26 May 2023
Updated one week ago

UK retail activity rebounds after weather-distorted March

The year-long retail recession we saw in 2022 looks increasingly like it’s over, and with real wage growth set to become less negative, the worst is probably behind us for the sector

After a rainy March, UK retail sales rose by 0.5% in April
After a rainy March, UK retail sales rose by 0.5% in April

After a rain-battered March, UK retail sales rose by 0.5% in April, partially offsetting the weakness seen in the prior month. And more importantly, the year-long retail recession we saw in 2022 looks increasingly like it’s over. Sales are up fractionally since December’s trough, and the worst is probably behind us for retailers. Real wage growth – measured crudely as regular pay growth adjusted for headline inflation – is set to become much less negative over the coming months as energy prices fall but nominal pay growth proves sticky. Consumer confidence has also begun to recover.

None of this points to an imminent recovery in the level of retail activity. The well-publicised fall in gas prices, together with consistent and very visible falls in petrol prices on forecourts probably explains a lot of the recovery in confidence. But food prices continue to rise unabated, and these will act as a key constraint on household budgets – particularly those on lower incomes – over the next few months.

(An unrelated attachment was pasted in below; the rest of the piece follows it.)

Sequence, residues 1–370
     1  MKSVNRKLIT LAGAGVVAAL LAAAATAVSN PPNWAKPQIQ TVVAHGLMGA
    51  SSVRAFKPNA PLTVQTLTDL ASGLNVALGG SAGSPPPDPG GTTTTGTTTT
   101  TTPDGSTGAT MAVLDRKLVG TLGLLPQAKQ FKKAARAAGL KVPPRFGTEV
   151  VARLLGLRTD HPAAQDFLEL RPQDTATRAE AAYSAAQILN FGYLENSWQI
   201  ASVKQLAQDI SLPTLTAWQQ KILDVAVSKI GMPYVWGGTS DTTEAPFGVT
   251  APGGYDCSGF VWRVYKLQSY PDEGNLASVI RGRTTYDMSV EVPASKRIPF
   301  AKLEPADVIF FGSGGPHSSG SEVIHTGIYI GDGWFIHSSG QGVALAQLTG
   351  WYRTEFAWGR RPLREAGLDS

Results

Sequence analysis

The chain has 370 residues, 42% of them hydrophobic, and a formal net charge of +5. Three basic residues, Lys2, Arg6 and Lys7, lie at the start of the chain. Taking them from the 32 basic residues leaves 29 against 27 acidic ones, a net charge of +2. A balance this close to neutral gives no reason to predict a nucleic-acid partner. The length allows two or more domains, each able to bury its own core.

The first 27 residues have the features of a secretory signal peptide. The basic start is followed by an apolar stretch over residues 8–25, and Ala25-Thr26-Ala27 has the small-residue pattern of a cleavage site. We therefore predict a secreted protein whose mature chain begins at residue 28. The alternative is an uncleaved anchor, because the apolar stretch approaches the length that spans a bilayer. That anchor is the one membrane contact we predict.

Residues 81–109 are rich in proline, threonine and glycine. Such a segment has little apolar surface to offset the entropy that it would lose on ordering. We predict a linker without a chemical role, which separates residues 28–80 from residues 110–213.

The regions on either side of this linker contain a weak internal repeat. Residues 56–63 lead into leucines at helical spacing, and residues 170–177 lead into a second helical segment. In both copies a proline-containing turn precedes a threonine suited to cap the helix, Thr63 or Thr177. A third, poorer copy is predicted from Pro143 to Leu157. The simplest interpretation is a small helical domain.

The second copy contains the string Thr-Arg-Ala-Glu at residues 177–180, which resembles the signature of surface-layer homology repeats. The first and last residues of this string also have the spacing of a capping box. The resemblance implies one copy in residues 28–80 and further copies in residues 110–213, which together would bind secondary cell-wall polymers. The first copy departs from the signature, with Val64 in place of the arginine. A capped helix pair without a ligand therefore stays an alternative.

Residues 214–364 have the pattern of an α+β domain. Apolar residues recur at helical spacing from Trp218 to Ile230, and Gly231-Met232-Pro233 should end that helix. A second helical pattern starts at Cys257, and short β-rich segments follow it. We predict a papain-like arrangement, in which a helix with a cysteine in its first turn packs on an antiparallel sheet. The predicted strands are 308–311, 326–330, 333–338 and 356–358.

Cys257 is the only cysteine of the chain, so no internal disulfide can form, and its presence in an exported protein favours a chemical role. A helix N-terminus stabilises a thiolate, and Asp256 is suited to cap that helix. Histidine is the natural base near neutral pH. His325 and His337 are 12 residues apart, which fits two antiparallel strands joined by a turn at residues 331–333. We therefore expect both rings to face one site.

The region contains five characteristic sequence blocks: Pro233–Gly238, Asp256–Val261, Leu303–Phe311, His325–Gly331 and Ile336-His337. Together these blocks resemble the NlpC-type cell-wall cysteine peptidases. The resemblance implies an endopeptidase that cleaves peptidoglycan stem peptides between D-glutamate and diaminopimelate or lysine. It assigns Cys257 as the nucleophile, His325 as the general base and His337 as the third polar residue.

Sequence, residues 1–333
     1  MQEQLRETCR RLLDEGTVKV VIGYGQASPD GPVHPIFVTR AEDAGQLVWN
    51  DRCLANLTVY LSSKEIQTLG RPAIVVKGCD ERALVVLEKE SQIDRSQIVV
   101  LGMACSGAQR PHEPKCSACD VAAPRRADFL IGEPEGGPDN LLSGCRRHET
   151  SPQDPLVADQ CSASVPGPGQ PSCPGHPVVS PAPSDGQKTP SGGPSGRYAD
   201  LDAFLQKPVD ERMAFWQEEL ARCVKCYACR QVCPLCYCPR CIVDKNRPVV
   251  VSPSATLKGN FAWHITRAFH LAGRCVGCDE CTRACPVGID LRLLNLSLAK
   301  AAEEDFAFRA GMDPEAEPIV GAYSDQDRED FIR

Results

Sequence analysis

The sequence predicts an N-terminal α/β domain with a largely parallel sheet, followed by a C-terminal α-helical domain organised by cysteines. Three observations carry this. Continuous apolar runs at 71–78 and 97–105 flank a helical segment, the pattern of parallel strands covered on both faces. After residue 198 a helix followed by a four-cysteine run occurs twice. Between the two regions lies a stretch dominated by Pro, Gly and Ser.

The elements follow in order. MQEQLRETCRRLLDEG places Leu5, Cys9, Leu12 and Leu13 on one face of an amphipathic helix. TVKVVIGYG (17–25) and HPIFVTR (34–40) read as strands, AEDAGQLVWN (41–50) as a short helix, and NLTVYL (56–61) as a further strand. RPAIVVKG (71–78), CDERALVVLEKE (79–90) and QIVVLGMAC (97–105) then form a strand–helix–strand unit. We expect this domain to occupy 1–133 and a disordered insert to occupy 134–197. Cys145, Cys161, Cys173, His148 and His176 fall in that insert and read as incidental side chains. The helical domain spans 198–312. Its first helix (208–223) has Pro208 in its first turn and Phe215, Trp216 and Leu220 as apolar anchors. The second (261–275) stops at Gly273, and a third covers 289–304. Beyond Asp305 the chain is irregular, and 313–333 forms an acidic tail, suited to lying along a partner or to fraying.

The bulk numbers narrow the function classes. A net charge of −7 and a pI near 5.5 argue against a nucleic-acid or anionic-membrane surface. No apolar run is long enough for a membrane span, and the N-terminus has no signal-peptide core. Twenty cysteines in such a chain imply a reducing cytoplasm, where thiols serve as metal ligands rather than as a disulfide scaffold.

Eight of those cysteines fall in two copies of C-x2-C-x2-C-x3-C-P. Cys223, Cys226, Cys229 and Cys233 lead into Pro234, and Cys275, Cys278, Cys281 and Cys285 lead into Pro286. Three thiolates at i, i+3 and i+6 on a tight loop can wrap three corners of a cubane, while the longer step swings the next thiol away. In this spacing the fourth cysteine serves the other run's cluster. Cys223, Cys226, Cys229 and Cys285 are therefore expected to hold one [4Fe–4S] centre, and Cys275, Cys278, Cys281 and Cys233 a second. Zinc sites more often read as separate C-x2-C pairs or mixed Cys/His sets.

The worst is probably behind us for retail sales

Source: Macrobond, ING calculations
Macrobond, ING calculations

In the very near term, we may get some extra volatility in retail sales surrounding the King’s Coronation earlier this month – though experience from the extra bank holidays in 2022 suggests that extra food sales could help counterbalance weakness from temporary shop closures. Overall, we expect monthly GDP to contract by half a percent in May (to be fully recovered in June).

None of this is of much consequence for the Bank of England, which now looks poised to hike rates once again in June after those unhelpful inflation figures this week. While some unusual (and probably temporary) moves in certain components drove some of the upward surprise in core CPI, it nevertheless puts policymakers in an awkward situation.

We doubt the committee would endorse the recent move in market pricing, which has more than 100bp of additional tightening priced in. The level of rate expectations for later this year (circa 5.5%) and the spread on future rate expectations between the UK and the US is now not dissimilar to what we saw around the time of the BoE’s November 2022 meeting, when it cautioned that market pricing looked overstretched.

But given the tendency for the inflation numbers to outperform expectations recently, we doubt the Bank will attempt to push back too hard against these expectations right now. We still get another round of data before the June meeting so we’ll reserve full judgement until then. But for now, we expect another hike in June without much pre-commitment on future steps.